Porsche has never been one to shy away from making rare models. We’re talking models where less than 10 have been produced, like the 964 Turbo Cabriolet and the 993 Speedster. Among these rarities is a particular Porsche that wasn’t actually a Porsche at all: the VW T3 B32. It doesn’t look like a Porsche, it’s not badged as a Porsche, but it will definitely sound, like a Porsche.
In 1986, Porsche was fielding two 959s in the Paris Dakar Rally driven by two teams: René Metge partnered with Dominique Lemoyne in one, and Jacky Ickx with Claude Brasseur in the other. And while these 959s were engineered to be off-road beasts, capable of handling the toughest rally in the world, they were still quick. With a 2.8-liter 400 horsepower flat-6, not much could keep up with them, including support vehicles. Porsche did have a third 959 on hand, which was considered for use as a support vehicle, but the team needed something both bigger and fast.
Something else Porsche had on hand was a VW T3 van. Unfortunately, they were hilariously slow, and couldn’t keep up with the fast-paced nature of the race, where like every race, every minute counts. So rather than look for another vehicle or try and make do with what they had, Porsche engineers set to do what any gearhead would do and modded the T3 vans to work with their needs.
While standard T3s were available with an array of engines, ranging from 1.6-liter flat fours and I4’s all the way up to a 2.6-liter I5, they were all slow. So rather than mod the existing engine, Porsche took a 288 hp flat-six from a 911 3.2 Carrera and dropped it in the engine bay. Engineers then mated that flat six with a Porsche transmission that routed power to the rear wheels. And since this was meant to keep up with rally racing, engineers also gave the T3 a unique suspension setup and bigger brakes. It was said to have a top speed of only 116 mph, but in reality, it was around 135 mph.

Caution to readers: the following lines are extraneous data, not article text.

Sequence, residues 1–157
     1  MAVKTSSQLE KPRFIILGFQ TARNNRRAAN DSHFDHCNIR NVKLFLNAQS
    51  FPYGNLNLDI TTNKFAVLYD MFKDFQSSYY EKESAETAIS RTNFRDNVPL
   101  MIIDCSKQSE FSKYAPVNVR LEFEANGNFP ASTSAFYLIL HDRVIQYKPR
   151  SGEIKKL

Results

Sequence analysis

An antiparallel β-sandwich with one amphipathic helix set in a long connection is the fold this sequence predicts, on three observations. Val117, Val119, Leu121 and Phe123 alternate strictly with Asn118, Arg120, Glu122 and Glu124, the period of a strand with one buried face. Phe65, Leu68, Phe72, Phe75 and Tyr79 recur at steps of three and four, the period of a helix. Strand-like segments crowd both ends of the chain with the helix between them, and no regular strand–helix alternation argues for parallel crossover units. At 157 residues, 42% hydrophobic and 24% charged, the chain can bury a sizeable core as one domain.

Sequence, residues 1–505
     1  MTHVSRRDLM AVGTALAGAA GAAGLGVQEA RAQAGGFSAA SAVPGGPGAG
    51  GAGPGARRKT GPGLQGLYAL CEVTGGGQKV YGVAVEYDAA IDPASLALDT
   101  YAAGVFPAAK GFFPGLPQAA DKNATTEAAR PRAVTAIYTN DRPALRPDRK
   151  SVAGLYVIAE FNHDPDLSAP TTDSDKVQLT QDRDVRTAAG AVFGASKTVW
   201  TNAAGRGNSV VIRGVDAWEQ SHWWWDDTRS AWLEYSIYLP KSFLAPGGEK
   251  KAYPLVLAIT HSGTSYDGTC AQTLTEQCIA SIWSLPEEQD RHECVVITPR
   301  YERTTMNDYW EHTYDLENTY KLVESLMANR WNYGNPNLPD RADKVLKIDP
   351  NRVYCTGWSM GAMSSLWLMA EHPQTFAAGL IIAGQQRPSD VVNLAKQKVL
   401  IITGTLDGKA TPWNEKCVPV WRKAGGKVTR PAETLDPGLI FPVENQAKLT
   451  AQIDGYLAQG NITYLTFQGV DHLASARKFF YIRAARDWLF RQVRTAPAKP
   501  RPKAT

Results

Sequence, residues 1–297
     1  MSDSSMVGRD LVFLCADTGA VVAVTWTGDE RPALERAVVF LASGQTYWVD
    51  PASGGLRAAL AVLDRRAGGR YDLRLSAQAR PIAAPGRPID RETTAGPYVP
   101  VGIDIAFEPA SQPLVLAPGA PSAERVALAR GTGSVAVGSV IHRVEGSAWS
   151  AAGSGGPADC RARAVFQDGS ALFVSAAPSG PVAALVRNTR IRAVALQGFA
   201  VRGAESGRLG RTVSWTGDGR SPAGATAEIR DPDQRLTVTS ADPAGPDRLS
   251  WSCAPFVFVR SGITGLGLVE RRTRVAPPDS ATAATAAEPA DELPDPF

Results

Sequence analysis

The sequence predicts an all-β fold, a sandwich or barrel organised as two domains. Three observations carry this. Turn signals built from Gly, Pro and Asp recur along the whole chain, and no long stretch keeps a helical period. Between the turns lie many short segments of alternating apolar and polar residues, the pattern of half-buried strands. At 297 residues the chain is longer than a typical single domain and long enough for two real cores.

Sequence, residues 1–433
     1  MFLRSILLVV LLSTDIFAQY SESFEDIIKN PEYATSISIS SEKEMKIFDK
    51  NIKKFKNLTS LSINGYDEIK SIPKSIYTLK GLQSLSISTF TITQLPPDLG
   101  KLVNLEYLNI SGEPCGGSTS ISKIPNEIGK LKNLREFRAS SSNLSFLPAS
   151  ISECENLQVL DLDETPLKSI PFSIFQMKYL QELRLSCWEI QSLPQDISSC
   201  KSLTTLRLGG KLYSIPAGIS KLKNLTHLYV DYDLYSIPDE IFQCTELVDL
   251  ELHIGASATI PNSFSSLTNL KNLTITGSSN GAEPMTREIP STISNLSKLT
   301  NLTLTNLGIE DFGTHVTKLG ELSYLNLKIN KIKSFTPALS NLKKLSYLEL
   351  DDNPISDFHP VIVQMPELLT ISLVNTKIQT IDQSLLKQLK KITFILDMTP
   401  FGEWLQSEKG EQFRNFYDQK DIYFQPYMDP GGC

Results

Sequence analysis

While someone quickly glancing at a VW T3 B32 might not be able to tell it apart from a regular T3, Porsche did a few things to distinguish it. There were larger 16-inch wheels with Fuchs rims, additional side vents to cool the bigger engine, front and rear skirts, and a larger exhaust.
Inside there was a full leather interior, a Porsche badge on the steering wheel, and auxiliary gauges under the center console, behind the shifter.
While it’s not known whether or not this thing ever had any production intent, it’s believed that just seven examples of the T3 B32 were ever made. While it wasn’t publicly sold, some ended up in private hands, special customers who had a relationship with Porsche. A few of these even have Porsche VINs. And some are available for sale.
The example you see above is one that’s listed for sale at a Porsche dealer: Porsche Centrum Gelderland. It’s currently listed at €364,900, which with the current exchange rates to the U.S. dollar, that’s over $375,700. It’s in need of a bit of restoration as there’s some wear here and there, but other than that it looks great. While the years have given us Porsche SUVs and a sedan, we may never see anything like a Porsche van again.